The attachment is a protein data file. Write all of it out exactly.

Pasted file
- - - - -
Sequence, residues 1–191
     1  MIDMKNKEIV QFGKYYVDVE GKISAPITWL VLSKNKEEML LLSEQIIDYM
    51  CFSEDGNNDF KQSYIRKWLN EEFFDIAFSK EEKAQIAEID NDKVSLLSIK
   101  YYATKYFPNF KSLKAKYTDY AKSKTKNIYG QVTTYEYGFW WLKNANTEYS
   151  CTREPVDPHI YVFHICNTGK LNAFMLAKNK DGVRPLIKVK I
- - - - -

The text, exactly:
Sequence, residues 1–191
     1  MIDMKNKEIV QFGKYYVDVE GKISAPITWL VLSKNKEEML LLSEQIIDYM
    51  CFSEDGNNDF KQSYIRKWLN EEFFDIAFSK EEKAQIAEID NDKVSLLSIK
   101  YYATKYFPNF KSLKAKYTDY AKSKTKNIYG QVTTYEYGFW WLKNANTEYS
   151  CTREPVDPHI YVFHICNTGK LNAFMLAKNK DGVRPLIKVK I